Posts Tagged ‘recipe’

Healthy Thanksgiving Day Recipes – Don’t Choose Between Health and Flavor!

heatlhy thanksgiving dinnerThanksgiving. This highly-anticipated day marks the beginning of the holiday season—the time of year when we usually fall off the wagon and overindulge on fattening food and drink. With so many delicious recipes out there that seem to appear in endless quantities at our dinner tables, it’s understandable that we may indulge here and there. Just remember—everything good comes in moderation. Don’t be afraid to treat yourself every now and then, but make an attempt to maintain healthy meals at least 80% of the time. In the spirit of giving and moderation, here are a few recipes to help you cut unnecessary calories from your Thanksgiving menu without cutting the flavor or fun!

Healthy Turkey Recipes

Your turkey doesn’t need a full tub of butter to be moist, nor does it require brining days in advance for flavor. Try out this recipe instead: Cornbread-Crusted Turkey.

This recipe calls for healthier ingredients such as low-sodium chicken broth and skinless turkey fillets to cut down fat and excess salt. It also includes carrots and sage for an extra boost of flavor.

Healthy Thanksgiving Side Dishes

Side-dishes can be your biggest enemy if you’re not careful. Traditional side dishes can be filled with sugar, butter and cream, but if you’re willing to branch out, here are a couple of suggestions for lighter, healthier options:

Sweet Potato Casserole
Just putting a slightly healthier spin on a classic. This still contains butter and sugar, so watch your serving size and enjoy!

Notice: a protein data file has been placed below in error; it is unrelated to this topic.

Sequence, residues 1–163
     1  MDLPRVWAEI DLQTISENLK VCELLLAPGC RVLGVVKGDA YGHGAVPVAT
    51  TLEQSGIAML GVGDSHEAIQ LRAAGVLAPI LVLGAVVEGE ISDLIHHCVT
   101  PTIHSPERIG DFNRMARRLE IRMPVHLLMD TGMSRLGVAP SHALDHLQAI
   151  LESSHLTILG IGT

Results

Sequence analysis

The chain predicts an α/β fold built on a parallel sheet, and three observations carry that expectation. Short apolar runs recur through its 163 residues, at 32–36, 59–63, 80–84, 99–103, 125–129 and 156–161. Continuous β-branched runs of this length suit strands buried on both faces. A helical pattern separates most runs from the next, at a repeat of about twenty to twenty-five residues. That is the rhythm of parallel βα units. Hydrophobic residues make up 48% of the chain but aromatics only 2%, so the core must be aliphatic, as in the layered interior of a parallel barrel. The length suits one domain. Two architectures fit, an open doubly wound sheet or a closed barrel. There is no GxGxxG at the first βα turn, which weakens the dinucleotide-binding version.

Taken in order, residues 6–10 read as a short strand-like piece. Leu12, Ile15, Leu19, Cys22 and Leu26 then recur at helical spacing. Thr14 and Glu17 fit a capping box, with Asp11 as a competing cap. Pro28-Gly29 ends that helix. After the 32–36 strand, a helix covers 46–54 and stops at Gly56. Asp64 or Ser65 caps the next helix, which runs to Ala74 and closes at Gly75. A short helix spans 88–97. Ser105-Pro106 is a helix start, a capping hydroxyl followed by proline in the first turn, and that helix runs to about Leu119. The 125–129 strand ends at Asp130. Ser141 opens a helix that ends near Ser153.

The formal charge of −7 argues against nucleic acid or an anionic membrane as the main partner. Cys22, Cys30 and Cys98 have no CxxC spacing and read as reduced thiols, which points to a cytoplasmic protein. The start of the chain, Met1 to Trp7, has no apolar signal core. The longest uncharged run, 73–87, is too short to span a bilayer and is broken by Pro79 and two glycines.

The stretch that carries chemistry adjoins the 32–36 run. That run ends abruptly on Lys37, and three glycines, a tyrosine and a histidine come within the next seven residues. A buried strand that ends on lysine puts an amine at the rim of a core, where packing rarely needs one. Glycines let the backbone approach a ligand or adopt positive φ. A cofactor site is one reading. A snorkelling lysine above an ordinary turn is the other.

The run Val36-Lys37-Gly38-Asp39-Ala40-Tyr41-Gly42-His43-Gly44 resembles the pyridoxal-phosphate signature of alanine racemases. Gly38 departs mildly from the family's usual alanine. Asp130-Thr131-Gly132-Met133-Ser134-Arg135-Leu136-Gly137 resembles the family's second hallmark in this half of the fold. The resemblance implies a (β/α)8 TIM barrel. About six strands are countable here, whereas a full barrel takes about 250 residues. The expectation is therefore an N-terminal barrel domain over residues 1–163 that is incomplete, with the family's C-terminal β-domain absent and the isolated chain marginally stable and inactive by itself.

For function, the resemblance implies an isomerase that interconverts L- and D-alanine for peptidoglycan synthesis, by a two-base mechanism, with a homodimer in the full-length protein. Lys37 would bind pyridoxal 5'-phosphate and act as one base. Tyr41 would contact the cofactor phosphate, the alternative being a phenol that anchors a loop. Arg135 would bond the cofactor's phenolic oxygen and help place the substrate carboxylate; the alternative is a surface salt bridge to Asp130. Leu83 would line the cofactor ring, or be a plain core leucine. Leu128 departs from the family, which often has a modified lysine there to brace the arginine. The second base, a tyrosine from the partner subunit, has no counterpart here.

Mashed Cauliflower (instead of mashed potatoes)
Here, we’re simply substituting a high-fiber vegetable like cauliflower for the potatoes. This shaves off calories and carbs while adding more nutrients. Cauliflower is a nutrient powerhouse, loaded with more calcium, fiber, vitamin C, folate, and vitamin K than a comparable amount of white potatoes.

Lemon-Garlic Roasted Potatoes
Leave the unhealthy add-ons to baked potatoes at the door. Stick with lemon and garlic for seasoning with this delicious recipe that totals about 69 calories per serving.

Mock Sour Cream
If you do decide you want to add the sour cream to your mashed potatoes and other sides, here’s a tip for making a healthier version (only 11 calories per TBSP)!

Greek Yogurt Subsitutes
Both low- and non-fat versions of Greek and traditional plain yogurts can play a part in a healthy diet by improving bone health and reducing the risk of cardiovascular disease and type 2 diabetes in adults. One of Greek yogurt’s primary benefits is it delivers higher protein and less sugar than the regular variety. Six ounces of Greek yogurt can deliver as much protein as three ounces of lean meat. As a result, Greek yogurt promotes the sense of fullness with fewer calories than many other protein sources. Check out these ways you can incorporate Greek yogurt into your favorite recipes this holiday!

Healthy Thanksgiving Dessert Recipes

Thanksgiving desserts are often people’s favorite part of the holidays, and rightfully so. Homemade Thanksgiving pies are the ultimate comfort food. What’s not so comforting, however, is the amount of bad fat in most desserts. Here are a couple of healthy takes on some favorite desserts:

Diabetic Friendly Crustless Pumpkin Pie
If you’re living with diabetes, you know that finding a good diabetic-friendly dessert recipe can be a challenge. Try this one out and let us know what you think in the comments below.

New York Style Cheesecake